A final word on the flood

My basement is dry. The parking lot at work is open. The roadways are clear. But not everything is back to normal. I didn’t get to take photos the other day on the drive along Horseneck Road, one of the more frequently flooded stretches in the area, but the scene was pretty depressing. Just about every house on the way had a tower of trash at the end of its driveway awaiting pickup. A whole lot of carpet has been rolled up for the garbagemen.

Even though the storm was over last Sunday night, the Passaic River didn’t crest until Tuesday, which resulted in my company shutting down for a day and a half. That’s when the road in front of the building completely flooded, and remained in bad shape until Friday. Even when we came back on Thursday, the water was high enough that we had to park at Target and cross the street. I didn’t bother with photos of my basement, because that really wasn’t anything special, but I did take some photos of the damage near Unigene:

TV these days…

Doesn’t TV just suck? No, I don’t mean that it’s not entertaining. I’ve got way too many shows I’m following at this point to not find it entertaining. But do you remember the days when a season began in the fall and went through to spring when re-runs would begin? And you got to watch the entire season in sequence, except with the occasional missed week for a sporting event or political speech.

These long breaks anymore are killing me. I don’t remember “Family Ties” ending episodes with the message that it would return in two months unless, of course, it was the season finale. I got to watch “Growing Pains” and “Mr. Belvidere” without having to figure out some convoluted schedule as to when episode 6 would actually hit the air. Because it was right after episode 5!

Yes, I’m just bitching because the wait for “Heroes” until tonight as been painful. I mean, the show delivers in spades. It’s probably the greatest thing on TV, but having to wait over month for it to continue is ridiculous. “Lost” already suffers from a slow enough pace, the two month hiatuseses… hiati… gaps are just painful. And in the meantime, they’re shuffling around promising new shows like “Thank God You’re Here” for new “reality” crap like “The Wedding Crashers”. Honestly, the Woman and I laughed at it, but we laugh at just about anything remotely humorous. Hell, we’ve been laughing at this skit non-stop since Saturday night.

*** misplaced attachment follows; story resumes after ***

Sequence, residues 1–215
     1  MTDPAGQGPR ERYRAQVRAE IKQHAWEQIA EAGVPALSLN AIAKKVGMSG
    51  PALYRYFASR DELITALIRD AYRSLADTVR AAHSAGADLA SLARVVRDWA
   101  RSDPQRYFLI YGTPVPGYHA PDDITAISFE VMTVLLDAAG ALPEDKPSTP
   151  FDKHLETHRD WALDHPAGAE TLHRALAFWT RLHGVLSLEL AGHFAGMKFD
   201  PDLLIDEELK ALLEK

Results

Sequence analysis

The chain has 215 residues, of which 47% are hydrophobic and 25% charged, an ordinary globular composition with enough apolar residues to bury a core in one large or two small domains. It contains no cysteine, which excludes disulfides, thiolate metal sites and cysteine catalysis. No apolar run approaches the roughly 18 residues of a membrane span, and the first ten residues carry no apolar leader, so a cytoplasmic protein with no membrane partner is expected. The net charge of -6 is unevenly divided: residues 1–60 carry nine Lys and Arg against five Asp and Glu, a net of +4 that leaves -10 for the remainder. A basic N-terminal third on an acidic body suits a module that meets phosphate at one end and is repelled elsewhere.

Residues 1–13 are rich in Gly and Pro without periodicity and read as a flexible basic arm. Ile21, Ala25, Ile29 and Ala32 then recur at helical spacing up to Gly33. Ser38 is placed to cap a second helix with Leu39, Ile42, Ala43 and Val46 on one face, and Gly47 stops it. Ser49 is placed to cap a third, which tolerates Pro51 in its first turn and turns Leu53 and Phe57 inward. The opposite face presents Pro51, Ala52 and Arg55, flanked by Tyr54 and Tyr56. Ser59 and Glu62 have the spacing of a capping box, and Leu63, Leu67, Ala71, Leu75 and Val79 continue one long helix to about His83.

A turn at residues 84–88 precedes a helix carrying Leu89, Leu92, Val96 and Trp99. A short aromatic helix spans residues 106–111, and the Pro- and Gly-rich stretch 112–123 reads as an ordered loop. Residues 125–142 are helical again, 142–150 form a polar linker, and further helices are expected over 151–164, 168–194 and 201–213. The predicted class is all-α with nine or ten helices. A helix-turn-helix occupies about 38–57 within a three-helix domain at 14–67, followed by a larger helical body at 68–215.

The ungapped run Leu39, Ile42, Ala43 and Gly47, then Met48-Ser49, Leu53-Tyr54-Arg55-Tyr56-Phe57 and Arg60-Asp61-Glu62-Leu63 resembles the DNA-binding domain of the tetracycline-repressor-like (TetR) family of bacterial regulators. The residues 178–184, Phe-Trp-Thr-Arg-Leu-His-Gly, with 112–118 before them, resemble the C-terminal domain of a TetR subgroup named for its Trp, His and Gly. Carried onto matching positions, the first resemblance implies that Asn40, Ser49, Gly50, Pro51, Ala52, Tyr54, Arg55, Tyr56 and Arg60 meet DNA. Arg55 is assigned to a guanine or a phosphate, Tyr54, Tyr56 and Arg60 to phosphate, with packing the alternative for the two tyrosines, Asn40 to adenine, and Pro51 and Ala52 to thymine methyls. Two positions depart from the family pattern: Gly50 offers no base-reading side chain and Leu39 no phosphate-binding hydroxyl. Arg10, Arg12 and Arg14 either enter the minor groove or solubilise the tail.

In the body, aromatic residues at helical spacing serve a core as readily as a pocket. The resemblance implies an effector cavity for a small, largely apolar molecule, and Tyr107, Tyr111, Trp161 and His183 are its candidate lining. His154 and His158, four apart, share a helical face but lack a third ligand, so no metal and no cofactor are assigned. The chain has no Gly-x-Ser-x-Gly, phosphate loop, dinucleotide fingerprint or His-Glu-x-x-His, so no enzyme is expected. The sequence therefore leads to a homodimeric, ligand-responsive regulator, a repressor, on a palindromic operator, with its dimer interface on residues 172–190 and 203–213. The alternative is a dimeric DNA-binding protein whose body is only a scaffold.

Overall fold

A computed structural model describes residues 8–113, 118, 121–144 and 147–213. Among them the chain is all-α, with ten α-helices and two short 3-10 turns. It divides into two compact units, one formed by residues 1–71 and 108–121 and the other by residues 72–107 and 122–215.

What was I talking about? Oh yeah, “Heroes” rocks. Watch it…

Tab clearance 2007-04-20

I have other things to post about, but man do I need to clear some tabs first.

  • Fortunately, the Woman doesn’t read defective yeti, otherwise she’d have a new term to describe my most annoying trait: e-social.
  • Things I really want: This foosball table (thanks to kottke) and these http://www.kottke.org/remainder/07/04/13215.html“>glasses.
  • King of the Cul-de-Sac – holy crap, who would have thought “white boy rap” could be so funny? And I totally need that “Self-made Hundredaire” t-shirt.
  • As for the regular variety of rap, Snoop Dogg reminds us all that it’s still only OK for black rappers to be racist and mysogynist because, you know, they’re speaking from the heart, motherf***er. (thanks to kottke)
  • Things are not going well for Internet Radio, but you can check out The SaveNetRadio Coalition to see how to help.
  • Then again, after reading an interview with the head of an INDIE label, I’m not sure that I even want to help them. I reiterate my threat, that very soon I will just outright stop buying any and all CDs until that industry can figure itself out (I’ve already stopped buying DVDs).
  • But… but… violating copyright laws is exactly like raping a goat, isn’t it? Nice try again, Scott. I understand you like to make money without putting any work into it, who wouldn’t?
  • I’m just wondering if Kongo Gumi are going to have really cheesy, late-night commercials celebrating how their loss of a 1400 year-old business means crazy savings for you. “Our ancestors ran this business for a millennium before America was colonized, yet we screwed it up. How lucky for you! All temples must be sold!” (thanks to kottke)